Several times I sat to write a few words, but each time my heart has not been highly motivated. The 100-degree weather is not exactly conducive to reflecting on Christmas. Christmas, for me, is still associated with childhood. I remember the days of snow and sledding down the hill and scooting across the pond below the house. Then we would put on ice skates and play until the early dark chased us home. At home there was the hot chocolate with marshmallows (the big ones—don’t remember miniature ones then) and s’mores and the smells of fresh fir Christmas trees and fruit from the baskets sent from members of the church. There was the Christmas caroling at night with Dad’s youth group and the games at church afterwards with more hot chocolate (and marshmallows!). Then there was the Christmas mid-night service with candles and, in our home, waking early Christmas morning to have Dad read the Christmas story, open gifts and then off to church again. Finally, back home to eat the Christmas dinner and either play with gifts or outside in the snow. Somehow, those memories don’t mix with the 100-degree weather and glaring sun of the present.
But, on reflection, I realize how much Christmas is a matter of the heart. The weather and culture might be radically different from that of my childhood, but the celebration of the birth of Christ is still the same. The food we will eat on Christmas day will be special—not turkey and pies, but chapatis, shadza and goat—but it is still the celebration of God coming to be with us in the world. A day to remember that, although the world continues in brokenness and sin, God’s lovely light of grace shines upon us, just as it shone on the shepherds when the angels announced the GOOD NEWS.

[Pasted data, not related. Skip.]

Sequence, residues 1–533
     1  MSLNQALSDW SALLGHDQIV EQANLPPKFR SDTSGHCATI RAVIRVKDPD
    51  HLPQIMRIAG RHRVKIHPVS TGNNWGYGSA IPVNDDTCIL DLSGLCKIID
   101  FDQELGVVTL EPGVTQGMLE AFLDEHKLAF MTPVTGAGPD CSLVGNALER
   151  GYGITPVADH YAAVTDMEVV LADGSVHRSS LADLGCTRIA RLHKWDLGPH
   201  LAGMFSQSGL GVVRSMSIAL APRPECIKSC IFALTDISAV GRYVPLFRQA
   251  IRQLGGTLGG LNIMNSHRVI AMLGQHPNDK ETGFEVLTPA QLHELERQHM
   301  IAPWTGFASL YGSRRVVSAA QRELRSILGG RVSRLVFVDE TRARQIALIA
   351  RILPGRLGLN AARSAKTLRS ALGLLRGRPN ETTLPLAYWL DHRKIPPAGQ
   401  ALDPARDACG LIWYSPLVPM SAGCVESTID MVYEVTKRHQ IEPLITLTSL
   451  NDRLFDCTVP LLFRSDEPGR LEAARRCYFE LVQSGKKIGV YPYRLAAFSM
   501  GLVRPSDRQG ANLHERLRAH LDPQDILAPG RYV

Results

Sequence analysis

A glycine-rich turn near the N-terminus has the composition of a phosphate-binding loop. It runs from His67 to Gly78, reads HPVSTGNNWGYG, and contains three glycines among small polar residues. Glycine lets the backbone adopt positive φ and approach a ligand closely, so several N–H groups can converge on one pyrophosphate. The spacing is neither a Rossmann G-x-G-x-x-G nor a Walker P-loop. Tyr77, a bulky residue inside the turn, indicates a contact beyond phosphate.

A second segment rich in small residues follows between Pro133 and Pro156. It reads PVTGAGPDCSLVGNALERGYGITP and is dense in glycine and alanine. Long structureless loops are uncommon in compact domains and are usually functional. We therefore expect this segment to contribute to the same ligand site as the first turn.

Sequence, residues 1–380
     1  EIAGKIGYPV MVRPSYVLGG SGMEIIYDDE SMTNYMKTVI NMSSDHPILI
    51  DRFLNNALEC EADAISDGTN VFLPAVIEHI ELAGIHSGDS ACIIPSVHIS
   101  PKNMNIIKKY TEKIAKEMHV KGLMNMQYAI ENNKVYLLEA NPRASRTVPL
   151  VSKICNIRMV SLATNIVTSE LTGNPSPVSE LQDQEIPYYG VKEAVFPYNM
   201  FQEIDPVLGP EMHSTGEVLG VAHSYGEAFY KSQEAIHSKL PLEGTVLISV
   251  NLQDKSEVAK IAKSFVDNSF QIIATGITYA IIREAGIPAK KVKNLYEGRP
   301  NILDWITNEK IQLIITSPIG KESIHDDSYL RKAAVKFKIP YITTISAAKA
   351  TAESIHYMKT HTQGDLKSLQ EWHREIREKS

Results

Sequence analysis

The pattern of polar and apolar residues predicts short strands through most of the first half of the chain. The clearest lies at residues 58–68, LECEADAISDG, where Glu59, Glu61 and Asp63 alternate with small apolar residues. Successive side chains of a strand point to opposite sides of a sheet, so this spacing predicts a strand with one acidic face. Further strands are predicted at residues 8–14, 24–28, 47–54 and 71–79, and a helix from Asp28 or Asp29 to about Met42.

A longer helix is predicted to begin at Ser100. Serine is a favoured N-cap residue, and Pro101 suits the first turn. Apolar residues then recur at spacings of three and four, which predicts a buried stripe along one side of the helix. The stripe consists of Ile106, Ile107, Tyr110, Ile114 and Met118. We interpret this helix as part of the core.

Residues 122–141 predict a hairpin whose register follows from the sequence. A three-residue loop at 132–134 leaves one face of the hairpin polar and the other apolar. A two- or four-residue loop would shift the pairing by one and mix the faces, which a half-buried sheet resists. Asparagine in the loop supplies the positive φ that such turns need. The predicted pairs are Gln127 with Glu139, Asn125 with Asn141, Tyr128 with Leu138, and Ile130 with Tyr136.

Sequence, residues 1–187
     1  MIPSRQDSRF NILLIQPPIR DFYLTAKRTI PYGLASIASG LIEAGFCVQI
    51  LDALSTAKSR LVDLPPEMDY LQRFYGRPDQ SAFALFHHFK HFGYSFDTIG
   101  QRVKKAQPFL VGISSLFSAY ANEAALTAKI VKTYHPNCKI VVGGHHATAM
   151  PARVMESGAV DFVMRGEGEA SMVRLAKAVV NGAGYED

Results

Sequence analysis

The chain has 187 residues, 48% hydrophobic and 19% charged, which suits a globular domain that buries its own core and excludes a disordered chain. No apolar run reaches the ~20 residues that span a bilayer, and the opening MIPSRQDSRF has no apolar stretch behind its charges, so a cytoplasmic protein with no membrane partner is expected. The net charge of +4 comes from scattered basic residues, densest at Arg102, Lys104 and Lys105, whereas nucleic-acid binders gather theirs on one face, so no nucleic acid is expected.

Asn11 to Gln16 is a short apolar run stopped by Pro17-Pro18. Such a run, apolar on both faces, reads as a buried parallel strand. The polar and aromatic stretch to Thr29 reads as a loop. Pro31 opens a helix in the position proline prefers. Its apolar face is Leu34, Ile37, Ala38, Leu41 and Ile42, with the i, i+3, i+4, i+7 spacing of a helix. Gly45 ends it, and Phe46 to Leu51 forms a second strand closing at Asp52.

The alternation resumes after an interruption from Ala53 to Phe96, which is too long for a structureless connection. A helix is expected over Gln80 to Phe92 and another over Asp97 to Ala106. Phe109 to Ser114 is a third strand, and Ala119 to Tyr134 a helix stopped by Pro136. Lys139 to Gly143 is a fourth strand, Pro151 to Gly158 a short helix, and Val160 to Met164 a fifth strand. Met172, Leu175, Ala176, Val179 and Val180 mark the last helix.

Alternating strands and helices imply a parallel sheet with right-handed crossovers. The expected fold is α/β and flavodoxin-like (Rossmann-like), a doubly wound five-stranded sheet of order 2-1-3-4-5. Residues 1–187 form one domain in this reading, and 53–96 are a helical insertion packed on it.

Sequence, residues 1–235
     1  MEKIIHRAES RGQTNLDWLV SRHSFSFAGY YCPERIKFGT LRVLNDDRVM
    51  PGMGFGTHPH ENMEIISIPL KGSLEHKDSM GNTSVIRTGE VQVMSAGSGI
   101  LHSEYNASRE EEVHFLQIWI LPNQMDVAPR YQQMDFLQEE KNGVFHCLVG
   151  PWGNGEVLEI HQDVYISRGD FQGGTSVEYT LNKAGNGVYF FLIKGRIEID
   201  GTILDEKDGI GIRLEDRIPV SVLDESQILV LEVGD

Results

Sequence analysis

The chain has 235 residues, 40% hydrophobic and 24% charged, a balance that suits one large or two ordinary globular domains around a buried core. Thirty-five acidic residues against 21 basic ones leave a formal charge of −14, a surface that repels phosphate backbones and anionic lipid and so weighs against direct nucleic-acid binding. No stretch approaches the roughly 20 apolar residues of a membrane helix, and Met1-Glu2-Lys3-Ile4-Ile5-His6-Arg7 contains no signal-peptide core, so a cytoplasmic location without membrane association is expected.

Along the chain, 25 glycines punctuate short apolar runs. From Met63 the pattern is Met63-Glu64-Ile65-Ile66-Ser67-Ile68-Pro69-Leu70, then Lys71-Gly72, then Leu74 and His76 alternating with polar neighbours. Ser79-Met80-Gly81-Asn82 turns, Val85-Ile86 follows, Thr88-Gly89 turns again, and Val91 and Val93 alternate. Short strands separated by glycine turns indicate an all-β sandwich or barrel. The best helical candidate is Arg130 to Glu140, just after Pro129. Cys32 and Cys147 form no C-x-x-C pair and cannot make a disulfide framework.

Christmas does not depend on weather or culture. Christmas is not the property of one political group or another. It is a matter of the heart: the believing heart celebrating the birth of Jesus. “Today in the town of David a Savior has been born to you; he is Christ the Lord” (Luke 2:11). You won’t hear such good news on any TV or radio station today. It takes angels to make such a proclamation…and a believing heart to rejoice in it.
Rev. Michael and Jo Ann Megahan work with the Kalanga Old Testament translation team in Botswana.